Next month we’re joined by author Claire G Coleman as we head back to the early days of Discworld with Equal Rites. Plus our subscriber-only bonus podcast, Ook Club, has launched! You can subscribe for as little as $2 a month to check it out. You’ll find all the details on our Support Us page.
Show Notes and Errata:
- Nate Byrne is a meteorologist, weather presenter and science communicator. He presents the weather for ABC News Breakfast, which means he gets up very early and had been awake for around 14 hours when we recorded this episode, making his jokes and insights even more impressive! You can find Nate’s writing for the ABC here, and follow him on Twitter, Instagram or Facebook.
- The gig at which Liz and Nate met was Sci Fight, a comedy science debate created and hosted by Ben’s sometime comedy partner Alanta Colley. At the time of writing, the next debate, “Nature Knows Best”, is on October 17 at Howler bar in Brunswick – featuring our own Ben McKenzie!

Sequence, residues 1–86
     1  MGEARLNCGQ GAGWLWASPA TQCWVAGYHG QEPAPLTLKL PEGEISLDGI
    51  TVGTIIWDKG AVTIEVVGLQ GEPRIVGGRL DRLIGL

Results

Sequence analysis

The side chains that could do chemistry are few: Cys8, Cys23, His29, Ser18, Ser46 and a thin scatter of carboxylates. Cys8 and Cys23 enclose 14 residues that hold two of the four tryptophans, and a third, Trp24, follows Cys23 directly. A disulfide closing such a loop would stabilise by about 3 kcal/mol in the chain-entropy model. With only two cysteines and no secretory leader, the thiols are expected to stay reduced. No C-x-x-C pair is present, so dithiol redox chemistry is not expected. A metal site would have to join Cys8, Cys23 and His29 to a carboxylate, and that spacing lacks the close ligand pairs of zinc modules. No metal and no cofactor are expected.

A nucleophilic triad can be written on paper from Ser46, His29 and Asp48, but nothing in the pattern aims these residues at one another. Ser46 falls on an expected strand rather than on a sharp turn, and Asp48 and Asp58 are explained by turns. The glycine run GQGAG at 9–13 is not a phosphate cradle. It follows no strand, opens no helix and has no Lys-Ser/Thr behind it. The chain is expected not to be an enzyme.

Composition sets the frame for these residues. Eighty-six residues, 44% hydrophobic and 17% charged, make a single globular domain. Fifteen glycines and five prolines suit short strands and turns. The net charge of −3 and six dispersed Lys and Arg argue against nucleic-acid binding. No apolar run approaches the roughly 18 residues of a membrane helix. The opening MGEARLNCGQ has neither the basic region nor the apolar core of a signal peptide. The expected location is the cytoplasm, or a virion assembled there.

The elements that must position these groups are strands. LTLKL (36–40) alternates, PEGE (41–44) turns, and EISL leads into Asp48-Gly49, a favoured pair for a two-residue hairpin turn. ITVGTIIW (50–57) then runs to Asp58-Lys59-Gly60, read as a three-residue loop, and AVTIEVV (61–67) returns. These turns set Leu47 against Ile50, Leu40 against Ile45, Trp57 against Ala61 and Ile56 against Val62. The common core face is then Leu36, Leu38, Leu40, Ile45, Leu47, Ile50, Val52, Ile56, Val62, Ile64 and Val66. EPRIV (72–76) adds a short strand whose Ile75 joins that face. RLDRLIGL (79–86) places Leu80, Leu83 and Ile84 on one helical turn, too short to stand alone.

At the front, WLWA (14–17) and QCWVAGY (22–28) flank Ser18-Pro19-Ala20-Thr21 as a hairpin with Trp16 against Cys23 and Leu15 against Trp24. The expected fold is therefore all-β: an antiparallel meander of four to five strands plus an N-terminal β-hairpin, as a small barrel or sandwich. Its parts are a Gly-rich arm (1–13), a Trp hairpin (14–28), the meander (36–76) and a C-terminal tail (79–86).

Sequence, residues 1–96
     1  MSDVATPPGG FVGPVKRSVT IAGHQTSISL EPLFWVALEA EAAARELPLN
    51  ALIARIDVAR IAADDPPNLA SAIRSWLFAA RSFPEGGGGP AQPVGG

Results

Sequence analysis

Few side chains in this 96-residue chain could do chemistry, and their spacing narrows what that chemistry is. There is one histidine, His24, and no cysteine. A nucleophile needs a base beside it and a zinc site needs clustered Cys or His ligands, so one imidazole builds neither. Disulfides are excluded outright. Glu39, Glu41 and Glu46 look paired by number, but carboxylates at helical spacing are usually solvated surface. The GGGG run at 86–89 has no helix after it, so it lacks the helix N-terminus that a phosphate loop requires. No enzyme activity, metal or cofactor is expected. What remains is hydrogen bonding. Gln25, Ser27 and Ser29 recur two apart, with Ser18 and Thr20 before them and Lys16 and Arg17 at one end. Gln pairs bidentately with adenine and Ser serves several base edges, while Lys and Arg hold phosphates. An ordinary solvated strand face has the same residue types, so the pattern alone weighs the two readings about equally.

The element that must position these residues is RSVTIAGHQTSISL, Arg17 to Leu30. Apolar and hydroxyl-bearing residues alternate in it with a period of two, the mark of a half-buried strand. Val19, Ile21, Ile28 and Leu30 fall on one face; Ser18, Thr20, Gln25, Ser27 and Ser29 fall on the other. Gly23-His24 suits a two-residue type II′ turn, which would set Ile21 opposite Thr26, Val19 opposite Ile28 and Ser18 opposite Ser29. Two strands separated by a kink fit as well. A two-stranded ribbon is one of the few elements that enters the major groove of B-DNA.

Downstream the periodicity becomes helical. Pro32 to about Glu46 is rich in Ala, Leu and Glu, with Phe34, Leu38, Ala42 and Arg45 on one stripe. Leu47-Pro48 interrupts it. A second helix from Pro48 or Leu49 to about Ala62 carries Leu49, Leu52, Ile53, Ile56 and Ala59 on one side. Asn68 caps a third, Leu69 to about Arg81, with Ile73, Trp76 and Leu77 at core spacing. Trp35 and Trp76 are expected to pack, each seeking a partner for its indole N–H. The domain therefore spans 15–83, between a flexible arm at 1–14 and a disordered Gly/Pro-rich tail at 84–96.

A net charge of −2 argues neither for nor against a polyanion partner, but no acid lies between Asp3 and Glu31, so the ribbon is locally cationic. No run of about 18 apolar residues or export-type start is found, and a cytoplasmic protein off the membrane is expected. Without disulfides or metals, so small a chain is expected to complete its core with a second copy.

- The Discworld videogame was released by Perfect Entertainment in 1995, and if we can find a way to play it, we’ll cover it for the podcast! It was written by Paul Kidd and designer Gregg Barnett, with the main plot drawn from Guards! Guards! but substituting Rincewind as the protagonist and adding in ideas from other books, especially The Colour of Magic. As well as Eric Idle as Rincewind, the voice cast includes Tony Robinson, Nigel Planer, Rob Brydon (The Trip), Robert Llewellyn (Red Dwarf), Jon Pertwee (Doctor Who) and – playing all of the notably few significant female characters – Kate Robbins (Spitting Image). Discworld was followed by two more games: 1996’s Discworld II: Missing Presumed…?!, with a plot written by Barnett and mostly based on a mash-up of Reaper Man and Moving Pictures, again with Rincewind as the protagonist; and Discworld Noir in 1999, an original story about Lewton, an ex-watchman and the Disc’s first private investigator, written by Chris Bateman in consultation with Terry himself. While none of the games are considered canonical, Discworld Noir is set not long after Feet of Clay.